The electronic recording of the interview may be audio only, or both audio and video, if available.
The recordings of custodial subject interviews per this policy will be treated as evidence. The first download of the recording from the digital recording device will be directly to an individual digital media storage device (e.g., DVD-R, CD-ROM). This original copy will be considered “best evidence” and will be preserved as evidence in accordance with Section 190.3.
22.214.171.124 Exceptions to Mandatory Recording of Post-Arrest Custodial Interviews. A decision not to record an interview that would otherwise presumptively be recorded under this policy must be documented by the agent on a separate document (e.g., letterhead memorandum) and made available to, or provided to, the United States Attorney’s Office. Exceptions to the presumption of recording are:
- Refusal by the interviewee. If the interviewee is informed that the interview will be recorded and indicates that he or she is willing to give a statement but only if it is not electronically recorded, then a recording need not take place. Additionally, if the interviewee asks to stop a recording that has already been started but agrees to continue the interview, the agent may cease recording while continuing the interview.
- Public Safety and National Security Exception. There is no presumption of electronic recording where questioning is done for the purpose of gathering public safety information under New York v. Quarles. The presumption of recording likewise does not apply to those limited circumstances where questioning is undertaken to gather national security-related intelligence or questioning concerning intelligence, sources, or methods, the public disclosure of which would cause damage to national security.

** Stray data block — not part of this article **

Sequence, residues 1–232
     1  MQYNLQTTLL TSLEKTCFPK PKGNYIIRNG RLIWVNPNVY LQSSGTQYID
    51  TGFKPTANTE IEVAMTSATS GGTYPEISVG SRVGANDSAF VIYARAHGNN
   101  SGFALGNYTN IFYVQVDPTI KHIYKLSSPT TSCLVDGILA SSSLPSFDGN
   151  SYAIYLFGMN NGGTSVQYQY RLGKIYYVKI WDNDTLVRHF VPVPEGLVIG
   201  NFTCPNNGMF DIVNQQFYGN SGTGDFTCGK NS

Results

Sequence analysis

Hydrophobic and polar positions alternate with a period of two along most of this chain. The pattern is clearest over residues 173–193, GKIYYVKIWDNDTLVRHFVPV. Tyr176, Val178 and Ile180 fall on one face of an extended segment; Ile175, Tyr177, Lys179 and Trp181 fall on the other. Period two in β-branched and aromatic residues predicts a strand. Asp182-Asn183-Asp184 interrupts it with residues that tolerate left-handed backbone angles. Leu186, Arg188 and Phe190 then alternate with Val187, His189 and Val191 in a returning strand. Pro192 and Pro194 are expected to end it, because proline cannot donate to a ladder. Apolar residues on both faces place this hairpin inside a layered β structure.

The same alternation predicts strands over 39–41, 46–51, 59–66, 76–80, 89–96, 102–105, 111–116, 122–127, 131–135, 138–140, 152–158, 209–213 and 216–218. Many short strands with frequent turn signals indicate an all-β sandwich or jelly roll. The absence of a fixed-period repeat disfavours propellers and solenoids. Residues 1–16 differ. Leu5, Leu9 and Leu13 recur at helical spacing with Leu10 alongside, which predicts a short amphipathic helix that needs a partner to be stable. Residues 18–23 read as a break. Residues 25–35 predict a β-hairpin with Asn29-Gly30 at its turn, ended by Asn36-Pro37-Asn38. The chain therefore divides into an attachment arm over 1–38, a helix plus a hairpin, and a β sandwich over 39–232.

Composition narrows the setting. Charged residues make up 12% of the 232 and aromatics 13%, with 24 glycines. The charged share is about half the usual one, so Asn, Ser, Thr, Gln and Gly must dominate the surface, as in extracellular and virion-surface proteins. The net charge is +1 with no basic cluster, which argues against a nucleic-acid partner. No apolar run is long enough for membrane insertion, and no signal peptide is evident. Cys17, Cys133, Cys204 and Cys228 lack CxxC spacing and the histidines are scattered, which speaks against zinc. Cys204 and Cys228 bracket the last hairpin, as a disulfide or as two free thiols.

- Recording is not reasonably practicable. Circumstances may prevent, or render impracticable, the recording of an interview, such as equipment malfunction, an unexpected need to move the interview, or too many interviews to record with available equipment in a limited timeframe.
Residual exception. The Special Agent in Charge and the United States Attorney, or their designees, agree that a significant and articulable law enforcement purpose (e.g., avoiding disclosure of a sensitive law enforcement technique) requires the interview not be recorded.
The VA Resource Guidebook (July 2004) contains the following under §§ 2,5,3, Witness Interview Process:
Introduction – The interview process is the most integral part of an administrative investigation. The ultimate goal is to discover what really happened….
Recording and Transcribing Testimony – VA policy requires that ‘complete testimony be transcribed, reviewed and corrected. This required (sic) that testimony be taped (sic) recorded, or a court reporter be retained. Witnesses are not allowed to tape record proceedings. They will have an opportunity to have copy of their transcript at the conclusion of the proceeding.